more.

6. Another extraordinary method Mr. M. takes to support his scheme, is to bring arguments against us, built on principles which he himself does not believe to be true; and which, if they were true, would infallibly overthrow his own

scheme. Nay, and persist in such arguments, after their fallacy has been pointed out, without saying one word in excuse for such a piece of conduct.

Thus he insists upon it, that if infants may have the seal of the covenant without saving grace, then also may the adult. And therefore, saving grace is not needful to qualify any one for sealing ordinances. And therefore, the covenant to be sealed, is not the covenant of grace, but an external covenant, 'distinct from the covenant of grace,' which only requires, as a necessary qualification for sealing ordinances, that sinners should be under such convictions,' as to 'come to a fixed resolution to forsake all known sin, and practise all known duty.' But have all infants these convictions, and such a fixed resolution? Does he believe they have? Is there any evidence of it? No; he does not believe they have. Nor is there any evidence, that there ever was one infant since the world began, that had these convictions, and such a fixed resolution. What then does Mr. M. mean? Does he mean to give up infant baptisin? no, by no means. What then does he mean? Odd as it is, he means to confute our scheme by an argument which confutes his own; i.e. by an argument, built on a principle which he himself does not believe to be true, viz. That the same qualifications are necessary in infunts as in the adult, to qualify them for baptism. For Mr. M. does not believe this principle to be true. For he does not believe that infants need any qualification at all. And yet he does believe that the adult must have some qualification. Now how extraordinary is it, for a man of learning to conduct thus ; and to go on and persevere in this conduct without a blush, or the least excuse, in the sight of all the country, after the absurdity had been pointed out before his eyes, in my former book, p. 64, 65, 66.

And thus again, he insists upon it, that if saving grace is necessary, then no man can with a good conscience join with the church, without assurance, an assurance equal to that certainty which we have of facts, which we see with our own eyes, and to the truth of which we can give oath before any civil court. p. 78, 79. But ninety-nine in a hundred of true believers' are destitute of this assurance, he says, (p. 80.)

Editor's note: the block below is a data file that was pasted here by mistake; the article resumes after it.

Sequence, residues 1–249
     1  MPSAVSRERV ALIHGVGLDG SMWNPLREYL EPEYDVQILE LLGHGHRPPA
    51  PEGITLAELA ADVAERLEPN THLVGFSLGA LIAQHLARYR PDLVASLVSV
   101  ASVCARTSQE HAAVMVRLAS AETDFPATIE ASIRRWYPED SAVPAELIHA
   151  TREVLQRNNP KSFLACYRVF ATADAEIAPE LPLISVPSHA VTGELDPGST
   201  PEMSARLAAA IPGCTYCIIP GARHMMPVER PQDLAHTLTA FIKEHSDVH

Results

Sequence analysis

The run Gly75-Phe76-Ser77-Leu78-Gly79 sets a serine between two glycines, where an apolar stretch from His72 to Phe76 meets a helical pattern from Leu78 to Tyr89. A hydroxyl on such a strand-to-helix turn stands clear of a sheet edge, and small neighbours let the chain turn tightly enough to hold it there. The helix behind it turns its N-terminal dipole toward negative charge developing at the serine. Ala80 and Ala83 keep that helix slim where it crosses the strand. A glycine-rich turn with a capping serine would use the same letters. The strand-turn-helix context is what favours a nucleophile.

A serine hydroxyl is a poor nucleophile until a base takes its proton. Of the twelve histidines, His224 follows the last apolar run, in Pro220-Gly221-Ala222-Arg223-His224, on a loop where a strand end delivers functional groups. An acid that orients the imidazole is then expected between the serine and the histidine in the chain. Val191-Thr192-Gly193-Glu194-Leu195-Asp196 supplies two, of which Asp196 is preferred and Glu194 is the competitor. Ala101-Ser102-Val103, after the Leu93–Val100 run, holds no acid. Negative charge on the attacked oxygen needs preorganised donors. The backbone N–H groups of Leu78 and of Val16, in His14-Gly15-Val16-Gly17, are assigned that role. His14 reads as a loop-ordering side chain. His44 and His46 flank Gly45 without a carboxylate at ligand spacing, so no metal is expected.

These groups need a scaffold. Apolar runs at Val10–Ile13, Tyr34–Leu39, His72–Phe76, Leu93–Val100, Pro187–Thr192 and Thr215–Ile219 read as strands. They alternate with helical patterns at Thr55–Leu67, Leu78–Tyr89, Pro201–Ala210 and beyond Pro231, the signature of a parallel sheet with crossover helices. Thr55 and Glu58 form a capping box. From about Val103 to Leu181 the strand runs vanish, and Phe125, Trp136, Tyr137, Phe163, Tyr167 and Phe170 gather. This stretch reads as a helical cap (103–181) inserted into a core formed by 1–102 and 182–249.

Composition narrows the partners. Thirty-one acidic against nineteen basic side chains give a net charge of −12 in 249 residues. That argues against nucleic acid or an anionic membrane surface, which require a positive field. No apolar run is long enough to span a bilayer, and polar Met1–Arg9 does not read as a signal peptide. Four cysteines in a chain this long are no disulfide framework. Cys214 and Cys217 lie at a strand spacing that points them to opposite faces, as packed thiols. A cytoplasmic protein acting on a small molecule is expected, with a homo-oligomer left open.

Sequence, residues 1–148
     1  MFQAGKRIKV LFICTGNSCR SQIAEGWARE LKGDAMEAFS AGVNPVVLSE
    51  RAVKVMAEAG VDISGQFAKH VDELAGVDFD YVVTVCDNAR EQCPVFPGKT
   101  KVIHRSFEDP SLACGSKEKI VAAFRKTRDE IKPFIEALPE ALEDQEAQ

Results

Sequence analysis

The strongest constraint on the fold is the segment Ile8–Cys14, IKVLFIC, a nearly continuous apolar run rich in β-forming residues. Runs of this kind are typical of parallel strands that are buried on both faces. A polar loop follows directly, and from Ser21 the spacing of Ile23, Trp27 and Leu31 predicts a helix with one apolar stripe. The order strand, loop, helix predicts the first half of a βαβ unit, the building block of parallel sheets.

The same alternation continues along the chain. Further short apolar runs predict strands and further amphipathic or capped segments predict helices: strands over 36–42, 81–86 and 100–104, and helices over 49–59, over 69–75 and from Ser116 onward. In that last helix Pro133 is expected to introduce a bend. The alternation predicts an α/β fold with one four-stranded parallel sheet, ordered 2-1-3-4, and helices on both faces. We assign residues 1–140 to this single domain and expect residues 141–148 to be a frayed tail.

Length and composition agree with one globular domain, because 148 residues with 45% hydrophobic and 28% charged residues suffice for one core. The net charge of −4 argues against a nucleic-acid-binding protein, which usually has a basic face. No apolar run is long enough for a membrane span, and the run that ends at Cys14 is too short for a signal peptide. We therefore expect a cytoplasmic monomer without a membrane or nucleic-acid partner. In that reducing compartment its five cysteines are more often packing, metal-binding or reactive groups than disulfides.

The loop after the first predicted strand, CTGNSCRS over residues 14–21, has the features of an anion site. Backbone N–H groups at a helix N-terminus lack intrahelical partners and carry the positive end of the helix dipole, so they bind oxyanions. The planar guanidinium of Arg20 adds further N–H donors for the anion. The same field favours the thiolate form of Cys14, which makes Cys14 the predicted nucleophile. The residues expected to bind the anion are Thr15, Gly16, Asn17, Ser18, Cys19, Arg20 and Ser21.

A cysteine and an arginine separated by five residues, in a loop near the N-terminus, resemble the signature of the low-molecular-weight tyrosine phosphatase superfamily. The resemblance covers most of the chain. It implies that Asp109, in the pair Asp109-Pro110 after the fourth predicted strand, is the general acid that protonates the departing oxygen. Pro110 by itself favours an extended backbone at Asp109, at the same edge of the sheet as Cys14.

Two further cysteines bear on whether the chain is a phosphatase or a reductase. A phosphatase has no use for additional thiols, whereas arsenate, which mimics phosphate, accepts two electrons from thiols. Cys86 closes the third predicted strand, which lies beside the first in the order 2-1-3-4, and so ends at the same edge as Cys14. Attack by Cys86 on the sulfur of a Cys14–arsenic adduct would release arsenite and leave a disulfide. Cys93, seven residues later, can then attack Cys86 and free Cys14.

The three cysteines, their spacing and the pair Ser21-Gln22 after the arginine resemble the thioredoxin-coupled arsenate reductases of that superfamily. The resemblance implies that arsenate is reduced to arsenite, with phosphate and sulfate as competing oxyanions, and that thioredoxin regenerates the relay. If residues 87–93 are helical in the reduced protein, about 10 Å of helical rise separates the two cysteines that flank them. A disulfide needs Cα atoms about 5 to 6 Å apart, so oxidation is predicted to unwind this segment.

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and therefore, saving grace is not needful. Nothing more is needful, than to come to a fixed resolution to forsake all known sin and practise all known duty. But does Mr. M. believe that no man can, with a good conscience, join with the church, without being thus infallibly certain that he has the requisite qualifications? for on the supposed truth of this proposition is his argument built. But does Mr. M. believe this proposition? does he teach his people to believe it? had all his church-members this high degree of infallible assurance, that they had the requisite qualifications, when they joined with the church? and have they the infallible assur ance every time they attend sealing ordinances; an assurance equal to that certainty, which they have, that they ever saw the sun shine! That they are come to a fixed resolution to forsake all known sin, and practise all known duty? Does he insist upon it in his public preaching, and in his private instructions, that without this high degree of assurance, without this infallible certainty, they cannot with a good conscience come to baptism or to the Lord's table? that they are guilty of gross prevarication, and double-dealing with God,' if they do? p. 82. Because no man ought to come without this infallible certainty, that he has the requisite qualifications: I say, does Mr. M. believe these things himself? or does he teach them to his own people? I appeal to his conscience. I appeal to his people, for my witnesses. Mr. M. does not believe that men must have this infallible certainty, that they have the requisite qualifications, in order to attend sealing ordinances with a good conscience. Nor does he teach this doctrine to his people. What then does he mean, in all he says upon this subject to us? Why, he means to confute our scheme, by an argument built on a principle which he does not believe to be true; and which, were it true, would effectually overthrow his own scheme. And all this, after the fallacy of this manner of reasoning had been pointed out before his eyes, as clear as the sun, in Mr. Edwards' last piece on the sacramental controversy, to which no answer has ever been made. Now is it not extraordinary, that a man of so good sense, should urge against us arguments built on principles which he himself does not believe; and which, if 46